— Reader Sean in Australia sent this one along:
I was at a NWA affiliate wrestling show in Australia tonight, where Adam Pearce faced Colt Cabana in the final match of their seven levels of hate series.
Colt won by submission, and afterwards both he and Pierce cut a promo in regards to the NWA World Heavyweight Championship. Pierce said as part of losing the series he would leave the NWA forever. He said Colt deserved the NWA Championship.
However, Colt said the NWA represented the old era, and he was the future, talking about the podcast, YouTube, etc. Colt didn’t accept the title, so Pierce dropped the belt, vacating the title. He finished the promo with “I wish the NWA the best in their future endeavors.” So apparently right now there is no NWA World Heavyweight Champion.
— Adam Pearce recently did an interview with The Rack Radio to talk about his Seven Levels of Hate match series with Colt Cabana:
Why Melbourne, Australia was picked to be the stage for the last match in the series: “I was going to say; what’s not awesome about Australia? You know, initially Australia was always kind of in the running for the seventh stage just simply out of what I like to call ‘supply and demand’. We initially wanted to do it potentially in Los Angeles, because that’s kind of where everything was born and obviously (Colt) Cabana and I had been working for Dave Marquez and what was known as NWA Championship Wrestling in Hollywood since its inception, for a couple of years anyway So, once things went south, between Marquez and the National Wrestling Alliance, we knew we were no longer going to be able to do that in Los Angeles and Australia, which had always been on the back burner, jumped to the forefront. And here we are.”
How he’s preparing for the final match which is a cage match: “To be honest with you, I’m more worried about the flight than anything else. You know, 15 hours on a plane is no fun, so to mix it up with Cabana for a half-hour, 40 minutes in the cage; I’d rather do that than get on the plane, so first things first. But what a road it’s been; it’s incredible to share this experience with someone I’ve known for, jeez, literally close to half my life now in Colt Cabana and to make a nice couple week tour out of it in Australia; it’s a good life.”
What holding the NWA world title meant to him: “Kansas City was a big deal (the night he won the title). The 21st of July was a good date; our partners there in Kansas City, Metro Pro Wrestling were the ones who put on the event and that night it was two-out-of-three falls, that was the stipulation, and for me personally, it was kind of a bigger night and not so much in a good way. I had been sick, jeez, for about four or five days previous to that with a pretty bad case of the flu. So, when I got on the plane and flew in, I was terrible and I shouldn’t have even been in the ring.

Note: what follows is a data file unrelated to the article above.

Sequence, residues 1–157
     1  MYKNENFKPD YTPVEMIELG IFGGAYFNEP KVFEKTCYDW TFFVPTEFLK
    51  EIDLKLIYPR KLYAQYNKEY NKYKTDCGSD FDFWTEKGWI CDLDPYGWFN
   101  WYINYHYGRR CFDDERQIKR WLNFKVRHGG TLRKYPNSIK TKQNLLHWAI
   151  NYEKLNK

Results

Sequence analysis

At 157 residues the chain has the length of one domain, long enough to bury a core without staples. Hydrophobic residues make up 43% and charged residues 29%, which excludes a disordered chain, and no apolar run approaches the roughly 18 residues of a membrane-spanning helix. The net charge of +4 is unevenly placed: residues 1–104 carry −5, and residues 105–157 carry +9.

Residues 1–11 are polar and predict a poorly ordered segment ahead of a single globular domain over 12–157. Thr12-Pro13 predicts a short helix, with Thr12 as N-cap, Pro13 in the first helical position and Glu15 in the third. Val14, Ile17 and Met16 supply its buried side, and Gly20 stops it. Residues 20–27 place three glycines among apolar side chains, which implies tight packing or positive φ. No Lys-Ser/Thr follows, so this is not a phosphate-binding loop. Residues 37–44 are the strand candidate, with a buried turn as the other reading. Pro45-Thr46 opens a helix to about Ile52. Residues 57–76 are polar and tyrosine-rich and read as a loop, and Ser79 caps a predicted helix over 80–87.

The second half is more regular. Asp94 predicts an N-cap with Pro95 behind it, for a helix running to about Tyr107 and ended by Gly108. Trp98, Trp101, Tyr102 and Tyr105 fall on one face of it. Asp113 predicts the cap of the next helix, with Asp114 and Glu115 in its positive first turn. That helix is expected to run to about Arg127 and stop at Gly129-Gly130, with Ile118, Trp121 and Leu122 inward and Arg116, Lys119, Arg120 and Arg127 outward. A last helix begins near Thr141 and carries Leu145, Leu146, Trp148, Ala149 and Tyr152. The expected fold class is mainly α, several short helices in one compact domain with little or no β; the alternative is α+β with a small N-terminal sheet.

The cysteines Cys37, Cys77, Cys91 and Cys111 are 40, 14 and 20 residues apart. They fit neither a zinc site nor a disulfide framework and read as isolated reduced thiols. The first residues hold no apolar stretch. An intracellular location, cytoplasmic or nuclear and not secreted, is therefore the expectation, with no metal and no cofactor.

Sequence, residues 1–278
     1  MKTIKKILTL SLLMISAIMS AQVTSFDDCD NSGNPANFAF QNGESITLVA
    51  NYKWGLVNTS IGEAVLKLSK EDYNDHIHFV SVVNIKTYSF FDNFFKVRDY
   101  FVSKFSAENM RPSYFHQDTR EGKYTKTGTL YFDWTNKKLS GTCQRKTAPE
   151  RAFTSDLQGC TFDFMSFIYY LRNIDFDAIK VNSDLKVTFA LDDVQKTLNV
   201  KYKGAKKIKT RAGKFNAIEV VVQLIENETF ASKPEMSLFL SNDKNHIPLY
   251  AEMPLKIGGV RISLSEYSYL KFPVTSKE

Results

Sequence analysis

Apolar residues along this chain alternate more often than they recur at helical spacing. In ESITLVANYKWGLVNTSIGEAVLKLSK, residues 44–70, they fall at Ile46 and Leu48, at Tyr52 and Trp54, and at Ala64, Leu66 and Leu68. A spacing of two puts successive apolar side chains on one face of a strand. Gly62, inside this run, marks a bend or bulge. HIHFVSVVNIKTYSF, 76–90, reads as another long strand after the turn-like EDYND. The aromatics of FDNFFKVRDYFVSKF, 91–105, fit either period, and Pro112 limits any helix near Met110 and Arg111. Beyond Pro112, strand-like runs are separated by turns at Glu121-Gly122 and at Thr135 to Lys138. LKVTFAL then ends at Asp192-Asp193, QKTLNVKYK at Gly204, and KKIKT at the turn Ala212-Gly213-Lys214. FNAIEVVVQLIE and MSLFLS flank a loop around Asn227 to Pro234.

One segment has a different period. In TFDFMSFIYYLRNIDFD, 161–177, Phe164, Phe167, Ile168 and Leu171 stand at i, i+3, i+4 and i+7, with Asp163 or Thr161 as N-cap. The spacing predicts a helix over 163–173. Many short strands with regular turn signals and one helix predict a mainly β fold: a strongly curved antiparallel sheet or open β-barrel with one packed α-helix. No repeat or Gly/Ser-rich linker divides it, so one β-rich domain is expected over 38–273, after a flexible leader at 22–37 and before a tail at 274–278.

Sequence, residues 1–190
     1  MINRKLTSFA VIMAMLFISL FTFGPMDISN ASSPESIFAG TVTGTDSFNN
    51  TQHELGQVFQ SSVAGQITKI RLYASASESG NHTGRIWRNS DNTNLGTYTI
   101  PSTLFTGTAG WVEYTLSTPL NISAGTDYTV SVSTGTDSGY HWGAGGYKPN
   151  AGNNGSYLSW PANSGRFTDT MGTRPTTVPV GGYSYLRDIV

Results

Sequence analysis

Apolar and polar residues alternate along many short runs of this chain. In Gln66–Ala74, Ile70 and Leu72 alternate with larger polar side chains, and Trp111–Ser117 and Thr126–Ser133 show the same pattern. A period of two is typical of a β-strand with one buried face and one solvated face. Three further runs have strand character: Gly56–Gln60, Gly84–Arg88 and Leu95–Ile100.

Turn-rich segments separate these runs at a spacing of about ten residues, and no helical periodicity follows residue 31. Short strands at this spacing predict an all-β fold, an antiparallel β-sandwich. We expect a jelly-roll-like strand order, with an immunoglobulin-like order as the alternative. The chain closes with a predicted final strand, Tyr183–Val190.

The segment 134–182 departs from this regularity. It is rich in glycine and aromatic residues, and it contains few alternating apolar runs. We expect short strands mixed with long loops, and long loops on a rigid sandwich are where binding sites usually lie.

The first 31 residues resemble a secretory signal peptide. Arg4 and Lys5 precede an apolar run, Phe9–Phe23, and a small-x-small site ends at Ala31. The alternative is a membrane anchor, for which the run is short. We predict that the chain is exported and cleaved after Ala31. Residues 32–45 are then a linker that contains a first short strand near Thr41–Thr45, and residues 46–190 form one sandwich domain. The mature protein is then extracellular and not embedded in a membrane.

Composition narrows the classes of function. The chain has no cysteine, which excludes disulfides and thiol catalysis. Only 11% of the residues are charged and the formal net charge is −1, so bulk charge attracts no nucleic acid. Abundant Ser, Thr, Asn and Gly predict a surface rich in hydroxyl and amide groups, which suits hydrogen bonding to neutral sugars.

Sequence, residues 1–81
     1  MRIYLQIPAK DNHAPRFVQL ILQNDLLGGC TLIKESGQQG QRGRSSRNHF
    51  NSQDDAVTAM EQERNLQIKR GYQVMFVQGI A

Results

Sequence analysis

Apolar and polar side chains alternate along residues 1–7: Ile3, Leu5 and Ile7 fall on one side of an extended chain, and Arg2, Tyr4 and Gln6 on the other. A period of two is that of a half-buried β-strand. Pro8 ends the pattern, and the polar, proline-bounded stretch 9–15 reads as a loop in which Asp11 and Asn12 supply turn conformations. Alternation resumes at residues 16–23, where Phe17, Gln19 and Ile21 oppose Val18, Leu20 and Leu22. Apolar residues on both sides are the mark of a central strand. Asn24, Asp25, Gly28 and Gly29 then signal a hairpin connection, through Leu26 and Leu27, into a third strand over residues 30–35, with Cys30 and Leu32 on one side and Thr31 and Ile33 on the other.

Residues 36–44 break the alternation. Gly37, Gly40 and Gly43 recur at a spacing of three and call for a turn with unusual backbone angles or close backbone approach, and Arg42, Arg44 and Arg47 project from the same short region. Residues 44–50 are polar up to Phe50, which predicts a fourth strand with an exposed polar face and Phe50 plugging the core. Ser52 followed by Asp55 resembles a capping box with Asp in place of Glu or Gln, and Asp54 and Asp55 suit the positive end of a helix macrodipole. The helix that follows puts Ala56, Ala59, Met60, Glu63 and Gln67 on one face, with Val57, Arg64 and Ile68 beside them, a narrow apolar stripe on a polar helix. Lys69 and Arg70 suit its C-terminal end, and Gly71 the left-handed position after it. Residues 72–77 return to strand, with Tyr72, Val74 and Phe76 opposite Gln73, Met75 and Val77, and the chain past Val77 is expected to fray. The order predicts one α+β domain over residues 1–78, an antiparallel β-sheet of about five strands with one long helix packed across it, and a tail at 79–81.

“Honestly, if Cabana wasn’t my opponent and there wasn’t so much on the line, I probably would have missed the date. That morning, I had woken up with and still had 102 degree fever, and I hadn’t been able to hold anything down for a few days, so as you might imagine, I was dehydrated, and cranky and the last thing I wanted to do was anything athletic. And we still went out there and did about 38 minutes, and I give most of the credit of that match to Cabana because I was pretty useless, to be honest.”
What the series means as a whole as a throwback to old school wrestling and feuds: “That’s by design, to a large degree; that’s what we intended it to be, for it to feel like the way pro wrestling used to feel and to kind of give some of that older, darker dynamic that you don’t see much anymore especially with the television products staying right around PG. It’s hard to bring in some of the diabolical things wrestling has been known for over the years and certainly a heightened level of violence which was par for the course in say the 70’s and 80’s with these type of feuds and needless to say with Cabana and myself, this is a blood feud; that’s what it is and it’s largely been one of those things that pushes the level of violence. And be that as it may, the wrestling fans today, particularly the younger ones, don’t necessarily need to see that, but for the older fans who kind of misses some of that or for the diehard wrestling fan, this has given them kind of a taste of perhaps how things might have been and we’re proud of that.
“In terms of what it means to wrestling, I don’t know. I don’t know if I’m qualified to answer that necessarily but for me personally, what it has meant is a culmination of a couple of years of my life, interacting and working with someone that I care a lot about and giving, trying to give, our take on that art form and we’ve been largely successful, I think; at least from the feedback we’ve both received both from peers, professionals and our colleagues, especially those we’ve worked with on the series. Everyone seems to be happy and as long as my checkbook is still able to work and my wife can go shopping, I’ll be happy too.”